Everyone has heard of Zelda games and recognise Link’s character, even if they’ve never played any of the franchise. Before Ocarina of Time, I had only attempted to play one other title, two years ago, (The Phantom Hourglass) which was quickly given up since I found it too difficult. However,  as of a few months ago I finished the 3DS remake of Ocarina of Time.

I must admit that I did enjoy playing Ocarina of Time, but after I had finished I questioned why that was. I do not have the nostalgic history with the games that has kept the series running since 1986. The reason I had started playing it was after watching multiple Zelda videos from one of my favourite Youtubers (PeanutButterGamer). He instilled such fun within the franchise of Zelda with its promise of adventure, that I felt the need to find out why he had such a love of the series.

The concept of the game is simple. You (Link) are the fated hero of Hyrule and therefore must rescue the princess, defeat the bad guy and save the world. In order to do so, you must traverse a variety of dungeons, in the form of elemental temples, and solve their puzzles. Each game is unique, with a change of the story, the design of the temples and some of the game mechanics but ultimately the central thread remains the same. I have no problem with this. A simple narrative allows for more complex and in-depth story to intertwine with and around it. Zelda fans already know what the story is, they know what they have to do and they can relax into the familiar world and become excited by the refreshing version.

As stated earlier everyone is, at least, aware of the Zelda games which means they are also aware of how loved the series is. I thus went into the game with this in mind. I not only expected Ocarina of Time to be good, but I had the opinions of friends and reviewers that I respected in my head, telling me that the game would be enjoyable. This means that Zelda has become something familiar to such an extent that even someone who hasn’t played it before gets a nostalgic feeling of being a part of something. Likewise, a feature that would be found annoying to one person, like the character of Navi, is annoying to most. This comradery makes a famously annoying phrase (‘hey listen’) suddenly amusing because it becomes joint frustration and a part of being a fan of the game.


I’m not sure that I would have gotten to the final boss at the end without the idea that fans behind me were willing me on, telling me that it was worth finishing. The story was intriguing but nothing that really held my attention. I felt attached to the characters, but not in such a way that I felt I couldn’t stop playing. It’s a game about a child hero, ultimately we all know who will win and who will lose. In a similar fashion the game-play is fun and mechanics such as the Ocarina used as a way of teleportation, or the boomerang to hit multiple enemies/hit secret buttons certainly leave a feeling of satisfaction but everything starts to feel a little repetitive after a while.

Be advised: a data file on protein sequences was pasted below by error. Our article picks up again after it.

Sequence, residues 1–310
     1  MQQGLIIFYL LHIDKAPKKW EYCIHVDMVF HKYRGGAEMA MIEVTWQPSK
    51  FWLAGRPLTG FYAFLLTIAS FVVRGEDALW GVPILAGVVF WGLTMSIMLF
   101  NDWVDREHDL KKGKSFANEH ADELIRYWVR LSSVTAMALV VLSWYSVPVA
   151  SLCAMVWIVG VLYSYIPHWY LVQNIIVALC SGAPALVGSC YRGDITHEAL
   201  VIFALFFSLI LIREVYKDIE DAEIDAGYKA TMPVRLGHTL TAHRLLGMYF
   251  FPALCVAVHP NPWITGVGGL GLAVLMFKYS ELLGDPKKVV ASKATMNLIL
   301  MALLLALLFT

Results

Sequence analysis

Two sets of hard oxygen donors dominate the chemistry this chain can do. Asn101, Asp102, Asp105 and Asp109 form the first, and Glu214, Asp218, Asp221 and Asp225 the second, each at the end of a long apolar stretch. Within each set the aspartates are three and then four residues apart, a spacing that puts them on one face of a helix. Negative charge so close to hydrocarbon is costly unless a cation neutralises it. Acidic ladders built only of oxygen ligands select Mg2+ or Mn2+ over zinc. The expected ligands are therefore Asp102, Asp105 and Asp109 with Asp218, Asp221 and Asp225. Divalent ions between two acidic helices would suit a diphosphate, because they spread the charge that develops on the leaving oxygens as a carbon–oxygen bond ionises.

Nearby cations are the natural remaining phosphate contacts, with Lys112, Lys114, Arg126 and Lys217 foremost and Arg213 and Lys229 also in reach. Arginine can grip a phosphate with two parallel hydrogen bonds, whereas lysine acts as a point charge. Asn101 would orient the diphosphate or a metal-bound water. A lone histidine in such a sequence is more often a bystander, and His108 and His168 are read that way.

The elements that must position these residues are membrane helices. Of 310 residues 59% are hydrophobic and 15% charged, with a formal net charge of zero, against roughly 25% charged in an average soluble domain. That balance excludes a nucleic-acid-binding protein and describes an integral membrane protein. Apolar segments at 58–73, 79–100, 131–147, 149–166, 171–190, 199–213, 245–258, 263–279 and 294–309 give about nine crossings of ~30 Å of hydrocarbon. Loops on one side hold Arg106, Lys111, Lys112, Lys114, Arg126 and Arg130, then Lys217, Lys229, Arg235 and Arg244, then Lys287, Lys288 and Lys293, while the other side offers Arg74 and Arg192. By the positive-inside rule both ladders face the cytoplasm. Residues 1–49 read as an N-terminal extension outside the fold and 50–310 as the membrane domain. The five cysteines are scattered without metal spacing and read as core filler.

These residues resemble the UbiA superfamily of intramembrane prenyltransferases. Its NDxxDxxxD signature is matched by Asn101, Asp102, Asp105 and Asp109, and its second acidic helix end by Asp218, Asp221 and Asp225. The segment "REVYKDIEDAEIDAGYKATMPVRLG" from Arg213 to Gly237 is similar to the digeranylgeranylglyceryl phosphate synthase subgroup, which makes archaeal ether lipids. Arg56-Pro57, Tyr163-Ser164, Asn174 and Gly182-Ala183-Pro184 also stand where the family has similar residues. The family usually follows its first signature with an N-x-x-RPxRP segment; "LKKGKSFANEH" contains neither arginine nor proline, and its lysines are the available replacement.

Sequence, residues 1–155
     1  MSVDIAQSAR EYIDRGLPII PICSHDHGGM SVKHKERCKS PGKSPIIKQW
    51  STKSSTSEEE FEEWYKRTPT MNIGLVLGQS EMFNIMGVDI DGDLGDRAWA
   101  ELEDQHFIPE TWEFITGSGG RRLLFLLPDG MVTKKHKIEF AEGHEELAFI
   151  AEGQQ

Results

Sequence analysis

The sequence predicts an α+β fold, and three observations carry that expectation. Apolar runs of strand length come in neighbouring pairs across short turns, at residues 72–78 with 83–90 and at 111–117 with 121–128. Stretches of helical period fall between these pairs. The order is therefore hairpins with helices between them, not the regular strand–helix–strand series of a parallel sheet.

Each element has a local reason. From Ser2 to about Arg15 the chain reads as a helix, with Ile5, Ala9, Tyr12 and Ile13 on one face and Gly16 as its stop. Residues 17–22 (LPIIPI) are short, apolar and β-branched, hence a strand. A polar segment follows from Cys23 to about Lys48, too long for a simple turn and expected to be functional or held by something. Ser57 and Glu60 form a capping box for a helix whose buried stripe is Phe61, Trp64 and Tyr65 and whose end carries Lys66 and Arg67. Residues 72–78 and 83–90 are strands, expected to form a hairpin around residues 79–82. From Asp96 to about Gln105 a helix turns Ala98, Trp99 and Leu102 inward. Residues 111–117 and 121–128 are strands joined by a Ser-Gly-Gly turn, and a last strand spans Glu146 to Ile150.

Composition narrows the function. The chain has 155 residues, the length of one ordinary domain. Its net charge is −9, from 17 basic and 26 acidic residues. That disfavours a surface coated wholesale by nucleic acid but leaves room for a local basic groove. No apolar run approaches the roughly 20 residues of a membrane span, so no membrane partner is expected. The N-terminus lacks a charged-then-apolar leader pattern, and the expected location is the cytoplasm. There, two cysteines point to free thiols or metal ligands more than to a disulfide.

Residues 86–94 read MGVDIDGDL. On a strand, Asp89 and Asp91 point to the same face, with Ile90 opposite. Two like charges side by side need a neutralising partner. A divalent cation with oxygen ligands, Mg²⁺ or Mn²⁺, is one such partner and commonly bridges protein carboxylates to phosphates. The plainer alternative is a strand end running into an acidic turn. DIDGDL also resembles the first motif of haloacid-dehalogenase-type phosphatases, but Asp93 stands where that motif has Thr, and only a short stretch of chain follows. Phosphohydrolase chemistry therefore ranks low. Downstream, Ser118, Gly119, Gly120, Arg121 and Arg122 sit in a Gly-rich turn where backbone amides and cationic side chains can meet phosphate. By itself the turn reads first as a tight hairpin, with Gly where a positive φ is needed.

The soundtrack also gives off a nostalgic feeling, I knew a lot of the music despite never having played Zelda, or listening to the soundtrack, before. On more than one occasion I thought ‘oh so that’s where that music comes from’ with a childish excitement. Each area and character having their own tune really enhances the atmosphere. You know that Ganondorf is evil, Saria is cute and you definitely know that the Shadow Temple is creepy, without looking at the characters or places.

So Ocarina of Time is certainly improved through its nostalgic atmosphere. However, if nostalgia alone is pushing this game forwards why could I only play a few hours of Phantom Hourglass? With similar gameplay mechanics and the same root story why did it not hold my attention in the same way? The most obvious answer is that I found Phantom Hourglass too hard. I was moving slowly through the game and struggling at every turn. In Ocarina of Time I rarely stumbled and this made it a lot more accessible.

Interestingly, our friend nostalgia does come back, however. Ocarina of Time 3D is a remake, meaning that it meant enough to enough people to deserve an upgrade. It also means better graphics and quality of gameplay, although that’s not something that bothers me if the game is good. Ocarina of Time being an older game and thus having perhaps a more familiar setting and musical score should also hold no ground since I never played the original. There is just something about the atmosphere of Ocarina of Time that made it a better game to me. Perhaps this is unfair, seeing as I haven’t played Phantom Hourglass all the way through, but if it had engaged me enough then perhaps I would have gotten through the difficulty. The fact remains that many more people talk about Ocarina of Time, so perhaps there is something in that idea after all.

Is Ocarina of Time worth playing? I think so. Yes, there is a certain amount of nostalgia that encouraged me through the game, but it also has qualities that make it stand on its own.  At the very least the game once had to do so before it became so well loved. After all, nostalgia isn’t born without reason.

The Legend of Zelda: Ocarina of Time – Nintendo